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Moonambel Mechanics' Institute. Established 1901. First hall built 1901, this hall built 1937. The Mechanics' Institute movement began in British urban industrial centres in the early 1800s. A "mechanic" was a person applying skills and technology. During the 19th century, most towns in Victoria established a Mechanics' Institute or Athenaeum with a library and meeting hall. Common objects were the "spread of useful knowledge" and provision for "rational recreation" in the community. The first Mechanics' Institute hall was built in Brooke Street and was opened in 1901. It was the venue for many enjoyable entertainments until it was washed away in the great floods that occurred late 1933. It was replaced by the present building in 1937. The hall continues to provide a popular community venue, with many regular users including the Moonambel Community Theatre Company. This plaque, No. 52 in the MIV series, commemorates the 80th Anniversary of this hall.

14 Woods Street, Moonambel, Victoria, Australia

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Rhyll Mechanics' Institute. Established 1891. Rhyll School No. 3132 from 1891 to 1952. The Mechanics' Institute movement began in British urban industrial centres in the early 1800s. A "mechanic" was a person applying skills and technology. During the 19th century, most towns in Victoria established a Mechanics' Institute or Athenaeum with a library and meeting hall. Common objects were the "spread of useful knowledge" and provision for "rational recreation" in the community. The hall was erected in 1891 by the cooperative effort of Rhyll residents to provide a building for a school. It was let to the Education department for 2/6 per week. After school hours it was used for church services, dances, euchre parties, family events, Christmas parties and Guy Fawkes night with a huge bonfire and fireworks. The school closed in 1952, but the hall remains a vital social centre of the district. This plaque, No. 51 in the MIV series, was placed here in 2016 to celebrate its 125th Anniversary.

Lock Road, Rhyll, Victoria, Australia

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Somerville Mechanics' Institute. Established 1891. Main hall built 1891, front rooms added 1916. The Mechanics' Institute movement began in British urban industrial centres in the early 1800s. A "mechanic" was a person applying skills and technology. During the 19th century, most towns in Victoria established a Mechanics' Institute or Athenaeum with a library and meeting hall. Common objects were the "spread of useful knowledge" and provision for "rational recreation" in the community. The hall was built on land donated by Mr. Henry Gomm and was managed by volunteer committees until the 1980s. It became the centrepiece of the town and a popular venue for community gatherings and the Horticultural Show. In 1916 the two front rooms and facade were added and used by the library, community groups and the Manchester Unity Lodge. These rooms are now the home of the Somerville, Tyabb & District Heritage Society. This plaque, No. 50 in the MIV series, was placed here in 2016 by the Mornington Peninsula Shire to celebrate the Centenary of the front rooms and the 125th Anniversary of the main hall.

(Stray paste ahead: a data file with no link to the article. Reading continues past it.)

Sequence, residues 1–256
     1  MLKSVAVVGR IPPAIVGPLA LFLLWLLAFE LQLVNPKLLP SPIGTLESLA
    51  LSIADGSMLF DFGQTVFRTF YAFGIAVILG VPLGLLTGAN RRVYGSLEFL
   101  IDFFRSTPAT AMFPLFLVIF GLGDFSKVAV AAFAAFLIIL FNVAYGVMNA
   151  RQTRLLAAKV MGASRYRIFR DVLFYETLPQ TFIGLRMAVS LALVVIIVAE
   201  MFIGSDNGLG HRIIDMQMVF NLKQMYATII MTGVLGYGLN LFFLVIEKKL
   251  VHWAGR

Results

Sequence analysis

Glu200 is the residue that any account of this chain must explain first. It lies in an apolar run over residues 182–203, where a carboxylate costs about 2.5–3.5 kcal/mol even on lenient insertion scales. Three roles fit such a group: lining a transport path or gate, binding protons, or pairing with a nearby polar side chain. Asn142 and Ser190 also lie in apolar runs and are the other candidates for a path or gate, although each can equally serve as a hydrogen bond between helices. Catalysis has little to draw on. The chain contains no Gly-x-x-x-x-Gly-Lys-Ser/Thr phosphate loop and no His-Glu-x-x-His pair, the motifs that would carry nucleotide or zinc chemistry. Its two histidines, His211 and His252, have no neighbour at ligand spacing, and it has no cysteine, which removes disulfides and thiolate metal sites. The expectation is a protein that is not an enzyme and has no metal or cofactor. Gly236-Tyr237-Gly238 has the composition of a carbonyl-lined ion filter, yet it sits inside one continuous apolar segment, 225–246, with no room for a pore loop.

66 Station Street, Somerville, Victoria, Australia

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Kyneton Mechanics' Institute. Opened 19 October 1858. The Mechanics' Institute movement began in British urban industrial centres in the early 1800s. A "mechanic" was a person applying skills and technology. During the 19th century, most towns in Victoria established a Mechanics' Institute or Athenaeum with a library and meeting hall. Common objects were the "spread of useful knowledge" and provision for "rational recreation" in the community. In 1855 a committee was formed to establish the Kyneton Mechanics' Institute. The first building opened in 1858, had meeting rooms and a library. Serious fires in 1867 and 1876 destroyed large sections of the building and its valuable library. In 1897 fire damaged the room of the main hall. The building was rebuilt after each of these fires. The original hall had a mural in a Grecian theme that was later replaced with an Art Deco design. The restoration and refurbishment in recent years has returned a grand building to the community where people can meet and socialise in the heart of the town. This plaque, No. 49 in the MIV series, was placed here in 2015. It is dedicated to the pioneers who established the reserve and built the hall.

Mollison Street, Kyneton, Victoria, Australia